Many philosophers such as David Hume in the 18th century and Alfred Jules Ayer in the 20th century have argued that ethical judgments are, in one sense or another, dependent on emotion and do not express knowledge of any objective truths. Hume was a famous essayist, economist, historian and philosopher from Scotland whose interests delve much on empiricism and skepticism. He is widely considered as one of the three pillars of empiricism in modern philosophy.
On the other hand, A.J. Ayer was the logical positivist who put forward the tradition in English. He was said to have been influence a lot by Hume's empiricism which is usual among logical positivists. Hume being an empiricist and A.J. Ayer being a logical positivist already says something of their ideas about ethics. Both philosophers argued about ethics as emotivism in a similar context but in their own unique way.
[...] Ayer's thorough discussion of ethics and emotivism using logical positivism instead of empiricism and causality. In a chapter called "Critique of Ethics and Theology" in his book Language, Truth and Logic, A.J. Ayer talks about different systems of ethics. He said that such systems we know today mainly contain propositions that define terms in ethics or moral judgments in terms of being possible or legitimate in language. For positivists like A.J. Ayer, concepts in ethics and moral judgments will always be subjective, devoid of objectivity and therefore, cannot be translatable into matters of fact or truth. [...]
[...] On ethics as emotivism according to David Hume and A.J. Ayer Many philosophers such as David Hume in the 18th century and Alfred Jules Ayer in the 20th century have argued that ethical judgments are, in one sense or another, dependent on emotion and do not express knowledge of any objective truths. Hume was a famous essayist, economist, historian and philosopher from Scotland whose interests delve much on empiricism and skepticism. He is widely considered as one of the three pillars of empiricism in modern philosophy. [...]
[...] Hume, as an empiricist, asserts that reason is the slave of the passions and it must be the guiding principle to motivate human will. In addition, for Hume, moral distinctions are derived from sentiments and not on reason. Clearly, he is not an advocate of ethical rationalism which says that morality is based on reason e.g. what is good is reasonable and what is evil is unreasonable. For him, we can distinguish good from evil through the use of reason. This can be further explained using his view on virtue, vice and causal reasoning. [...]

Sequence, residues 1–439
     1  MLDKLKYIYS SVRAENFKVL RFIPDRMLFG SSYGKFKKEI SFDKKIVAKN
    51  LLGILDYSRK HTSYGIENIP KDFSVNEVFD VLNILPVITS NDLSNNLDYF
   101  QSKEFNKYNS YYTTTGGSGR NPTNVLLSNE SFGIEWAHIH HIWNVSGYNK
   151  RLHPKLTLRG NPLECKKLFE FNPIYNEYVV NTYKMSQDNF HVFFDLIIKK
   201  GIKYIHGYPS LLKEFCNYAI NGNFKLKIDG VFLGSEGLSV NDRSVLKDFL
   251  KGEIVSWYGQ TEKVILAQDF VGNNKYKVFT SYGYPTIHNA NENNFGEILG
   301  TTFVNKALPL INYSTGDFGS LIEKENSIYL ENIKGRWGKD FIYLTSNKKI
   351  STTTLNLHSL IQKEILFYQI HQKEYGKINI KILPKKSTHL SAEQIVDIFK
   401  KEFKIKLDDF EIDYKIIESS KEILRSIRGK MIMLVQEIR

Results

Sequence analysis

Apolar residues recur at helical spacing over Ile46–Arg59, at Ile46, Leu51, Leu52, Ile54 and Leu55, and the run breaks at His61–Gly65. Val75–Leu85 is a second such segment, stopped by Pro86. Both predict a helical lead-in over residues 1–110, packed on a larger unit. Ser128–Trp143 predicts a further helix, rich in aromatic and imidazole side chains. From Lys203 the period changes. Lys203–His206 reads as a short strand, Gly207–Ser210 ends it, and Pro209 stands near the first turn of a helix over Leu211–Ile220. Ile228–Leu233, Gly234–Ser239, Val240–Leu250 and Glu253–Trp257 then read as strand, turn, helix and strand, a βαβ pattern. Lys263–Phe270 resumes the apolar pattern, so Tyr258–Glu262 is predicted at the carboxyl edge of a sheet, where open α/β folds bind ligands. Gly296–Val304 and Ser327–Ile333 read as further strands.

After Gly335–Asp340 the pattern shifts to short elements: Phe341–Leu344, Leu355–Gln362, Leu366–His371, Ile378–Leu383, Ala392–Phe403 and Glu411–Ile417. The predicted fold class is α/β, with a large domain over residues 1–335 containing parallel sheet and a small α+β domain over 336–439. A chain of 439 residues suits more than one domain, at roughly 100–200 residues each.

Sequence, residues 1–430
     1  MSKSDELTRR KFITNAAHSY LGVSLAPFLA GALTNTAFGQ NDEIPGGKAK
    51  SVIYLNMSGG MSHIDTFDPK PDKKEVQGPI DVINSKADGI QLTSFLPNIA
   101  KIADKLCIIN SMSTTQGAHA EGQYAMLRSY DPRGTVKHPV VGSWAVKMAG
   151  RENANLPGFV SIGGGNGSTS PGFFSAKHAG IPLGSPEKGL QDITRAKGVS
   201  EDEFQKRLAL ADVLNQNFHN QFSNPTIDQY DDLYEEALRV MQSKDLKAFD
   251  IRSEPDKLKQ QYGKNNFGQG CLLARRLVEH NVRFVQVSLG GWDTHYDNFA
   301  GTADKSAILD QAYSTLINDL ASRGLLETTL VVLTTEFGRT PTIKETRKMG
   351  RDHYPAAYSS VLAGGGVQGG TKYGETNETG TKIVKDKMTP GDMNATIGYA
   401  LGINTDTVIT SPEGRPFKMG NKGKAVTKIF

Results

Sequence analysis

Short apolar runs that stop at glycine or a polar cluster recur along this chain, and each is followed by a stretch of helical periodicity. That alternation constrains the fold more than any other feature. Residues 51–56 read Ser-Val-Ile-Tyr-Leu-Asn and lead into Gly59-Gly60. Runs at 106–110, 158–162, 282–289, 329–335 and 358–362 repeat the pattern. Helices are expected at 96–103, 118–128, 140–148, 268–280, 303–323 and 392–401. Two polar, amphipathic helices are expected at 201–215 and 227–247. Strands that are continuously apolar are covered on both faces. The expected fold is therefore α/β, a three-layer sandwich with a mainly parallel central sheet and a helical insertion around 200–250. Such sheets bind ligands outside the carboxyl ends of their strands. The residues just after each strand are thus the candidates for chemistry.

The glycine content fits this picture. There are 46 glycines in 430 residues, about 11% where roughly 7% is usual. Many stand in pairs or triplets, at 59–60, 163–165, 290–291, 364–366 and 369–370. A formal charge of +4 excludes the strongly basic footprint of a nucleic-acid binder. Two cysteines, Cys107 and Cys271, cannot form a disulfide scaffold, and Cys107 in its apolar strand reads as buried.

[...] If the proposition fails to satisfy this principle, and is not a tautology, then it is neither true nor false but meaningless. Ayer's verifiability principle can be illustrated by seeing what he would say about ethics such as the notion of good. Given the statements, girl wears a polka dot skirt” and girl is we can say that the first statement is true if through sense experience you say that the girl is in reality wearing a polka dot skirt and therefore, is meaningful, but if not, you can readily say that the statement is false since it does not satisfy the empirical demands of the verification principle. [...]
[...] Conclusion After discussing Hume's and A.J. Ayer's views on ethics in terms of emotion, it is therefore concluded that both of their ideas are philosophically defensible. Hume is an empiricist and they have good claims that are easy to debate on because they rely on experience. If you don't perceive it, then you might as well not take it into consideration. This is the major advantage for the philosophy of Hume. Meanwhile, the disadvantages comes when the perception fails to give accurate information, such as seeing yellow instead of the real colors because someone has hepatitis, but these are rare. [...]
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